Availability of MAT

Medication for Addiction Treatment can be administered by a qualified provider. As of September 2020, there were 85,000 qualified practitioners registered with the DEA (Drug Enforcement Administration).[12] 

These practitioners can prescribe, dispense, and administer controlled substances, such as buprenorphine The number of qualified and registered practitioners continues to rise, making MAT more accessible and available than it was previously.

MAT can be offered in a variety of settings, including addiction treatment centers, rehab facilities, clinics, community health centers, your local doctor’s office, and through trained professionals via telemedicine. 

Buprenorphine (Suboxone) can be prescribed by a qualified provider. It can then be picked up at a local pharmacy without needing to go to a specialized clinic, as is required for Methadone. Because of this increased accessibility, Suboxone is often preferred to Methadone.

How to Find MAT Treatment

MAT is covered by insurance, including Medicaid. Now, state Medicaid programs are including MAT treatment as part of their opioid addiction treatment protocols.[13]

There are several resources for finding an MAT program:

  • Opioid Treatment Program Directory: This directory is hosted by the Substance Abuse and Mental Health Services Administration (SAMHSA). It features a drop-down menu where you can select your state to find local opioid treatment programs including those that offer MAT.[14]
  • Buprenorphine Practitioner Locator: This locator is also operated by SAMHSA. You can select a state on the map, input your zip code or city, or use the drop-down menu to find practitioners near you who are authorized to provide buprenorphine for the treatment of OUD.[15]
  • Behavioral Treatment Services Locator: SAMHSA provides an anonymous and confidential locator tool to find behavioral health treatment services, including treatments for opioid use disorder such as MAT, near you by inputting a local address.[16]

Your medical or mental health professional can also often provide resources and referrals for local MAT options. Insurance providers can offer information on what your plan covers and the treatment resources and providers that will be considered in-network for you.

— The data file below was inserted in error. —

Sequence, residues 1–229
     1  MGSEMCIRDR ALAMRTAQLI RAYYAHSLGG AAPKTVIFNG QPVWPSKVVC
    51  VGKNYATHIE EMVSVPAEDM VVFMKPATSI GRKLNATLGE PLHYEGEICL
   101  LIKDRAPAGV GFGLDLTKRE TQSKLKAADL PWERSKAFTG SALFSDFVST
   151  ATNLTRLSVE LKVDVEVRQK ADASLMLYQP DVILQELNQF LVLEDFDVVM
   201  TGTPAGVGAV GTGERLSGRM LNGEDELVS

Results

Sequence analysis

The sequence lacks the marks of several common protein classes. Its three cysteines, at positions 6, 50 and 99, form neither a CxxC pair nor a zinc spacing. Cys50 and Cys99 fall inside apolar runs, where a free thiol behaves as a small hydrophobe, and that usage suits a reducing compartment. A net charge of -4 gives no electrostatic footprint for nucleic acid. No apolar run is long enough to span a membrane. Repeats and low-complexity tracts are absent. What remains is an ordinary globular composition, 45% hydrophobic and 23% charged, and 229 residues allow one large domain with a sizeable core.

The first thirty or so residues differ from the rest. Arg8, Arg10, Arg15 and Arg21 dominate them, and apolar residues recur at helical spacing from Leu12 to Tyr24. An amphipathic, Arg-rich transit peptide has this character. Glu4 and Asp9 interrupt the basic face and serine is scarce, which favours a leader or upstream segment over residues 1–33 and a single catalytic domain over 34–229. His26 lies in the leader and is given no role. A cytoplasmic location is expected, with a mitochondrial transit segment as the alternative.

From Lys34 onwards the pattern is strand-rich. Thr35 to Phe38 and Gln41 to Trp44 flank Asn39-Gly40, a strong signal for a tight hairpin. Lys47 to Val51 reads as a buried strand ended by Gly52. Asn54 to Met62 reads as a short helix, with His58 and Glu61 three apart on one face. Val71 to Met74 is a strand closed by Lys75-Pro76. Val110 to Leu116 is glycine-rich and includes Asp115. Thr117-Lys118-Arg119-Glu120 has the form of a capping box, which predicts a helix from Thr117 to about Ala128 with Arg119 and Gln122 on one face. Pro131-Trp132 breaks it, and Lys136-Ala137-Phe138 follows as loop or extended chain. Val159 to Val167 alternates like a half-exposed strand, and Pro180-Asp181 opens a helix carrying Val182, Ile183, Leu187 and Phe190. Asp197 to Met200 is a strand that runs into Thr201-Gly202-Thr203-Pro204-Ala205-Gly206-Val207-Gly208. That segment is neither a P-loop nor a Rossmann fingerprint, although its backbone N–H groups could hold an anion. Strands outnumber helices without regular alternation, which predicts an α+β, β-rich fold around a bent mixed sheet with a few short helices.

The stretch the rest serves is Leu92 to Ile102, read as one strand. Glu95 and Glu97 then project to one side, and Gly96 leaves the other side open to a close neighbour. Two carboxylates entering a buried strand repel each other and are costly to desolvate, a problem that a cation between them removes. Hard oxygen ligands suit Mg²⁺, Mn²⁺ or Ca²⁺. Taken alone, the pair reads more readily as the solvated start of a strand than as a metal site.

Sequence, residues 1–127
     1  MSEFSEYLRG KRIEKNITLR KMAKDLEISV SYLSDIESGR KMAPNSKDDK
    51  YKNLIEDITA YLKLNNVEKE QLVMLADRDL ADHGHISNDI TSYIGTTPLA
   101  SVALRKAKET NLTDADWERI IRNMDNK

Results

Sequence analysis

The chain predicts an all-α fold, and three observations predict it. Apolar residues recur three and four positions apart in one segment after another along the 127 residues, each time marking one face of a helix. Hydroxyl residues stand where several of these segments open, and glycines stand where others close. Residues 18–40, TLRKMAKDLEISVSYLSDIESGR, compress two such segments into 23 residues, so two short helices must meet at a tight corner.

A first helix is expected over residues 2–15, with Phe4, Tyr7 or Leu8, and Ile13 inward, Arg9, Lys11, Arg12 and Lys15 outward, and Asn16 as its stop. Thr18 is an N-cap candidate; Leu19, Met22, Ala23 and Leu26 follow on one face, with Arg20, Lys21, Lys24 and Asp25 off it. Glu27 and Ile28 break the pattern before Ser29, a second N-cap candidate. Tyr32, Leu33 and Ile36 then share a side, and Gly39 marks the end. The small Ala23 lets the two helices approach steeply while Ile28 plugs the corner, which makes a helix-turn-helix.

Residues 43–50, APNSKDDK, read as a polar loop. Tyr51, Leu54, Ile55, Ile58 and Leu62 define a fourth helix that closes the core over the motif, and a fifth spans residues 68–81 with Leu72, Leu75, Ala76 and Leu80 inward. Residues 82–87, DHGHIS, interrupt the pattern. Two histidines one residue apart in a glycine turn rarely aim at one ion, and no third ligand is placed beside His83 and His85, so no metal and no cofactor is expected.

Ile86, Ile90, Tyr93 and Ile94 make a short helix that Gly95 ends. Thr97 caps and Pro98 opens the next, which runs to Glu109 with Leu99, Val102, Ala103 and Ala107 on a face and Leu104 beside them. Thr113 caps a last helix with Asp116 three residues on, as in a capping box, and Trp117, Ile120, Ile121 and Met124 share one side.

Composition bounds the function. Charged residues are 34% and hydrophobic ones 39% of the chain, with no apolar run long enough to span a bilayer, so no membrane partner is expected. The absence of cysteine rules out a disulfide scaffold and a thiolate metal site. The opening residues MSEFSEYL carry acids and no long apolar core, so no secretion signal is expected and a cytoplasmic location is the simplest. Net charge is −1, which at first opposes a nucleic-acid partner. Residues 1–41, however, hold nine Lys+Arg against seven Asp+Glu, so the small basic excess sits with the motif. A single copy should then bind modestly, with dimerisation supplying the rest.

Preventing Stigma Surrounding MAT

There are several stigmas surrounding the use of MAT to treat opioid use disorder, including the incorrect notion that using an opioid medication to treat opioid addiction is merely replacing one drug for another. This is simply not the case. 

Medications like buprenorphine do not create the same type of euphoric high that other full and short-acting opioids like heroin or methadone do. When used as prescribed, Suboxone is a safe and effective treatment for addiction.

Addiction is not a moral failing. Rather, opioid addiction creates changes in the brain. It often requires pharmaceutical help to stabilize the brain, lessening withdrawal symptoms and cravings so recovery can be achieved.[17]

Disseminating education on the neurobiology of addiction and the chemical changes that opioids make in the brain can be a good step toward reducing the stigma surrounding MAT. It’s important to provide resources to family members and friends of individuals with opioid use disorder. 

MAT can be lifesaving in treating OUD. They are evidence-based and proven successful in sustaining recovery. The more people know this, the more stigma associated with MAT can be reduced over the years. 

Some medical and health care professionals discriminate against MAT, and this stigma can interfere with patient care.[18] This is a dated view that is rapidly changing. 

Health care providers, family and friends, and society as a whole should be educated on the benefits of MAT for OUD. Lets continue to work together to de-stigmatize MAT and reappraise it as the often life saving treatment that it is.

Elena Hill, MD, MPH

Elena Hill, MD; MPH received her MD and Masters of Public Health degrees at Tufts Medical School and completed her family medicine residency at Boston Medical Center. She is currently an attending physician at Bronxcare Health Systems in the Bronx, NY where she works as a primary care physician as well as part time in pain management and integrated health. Her clinical interests include underserved health care, chronic pain and integrated/alternative health.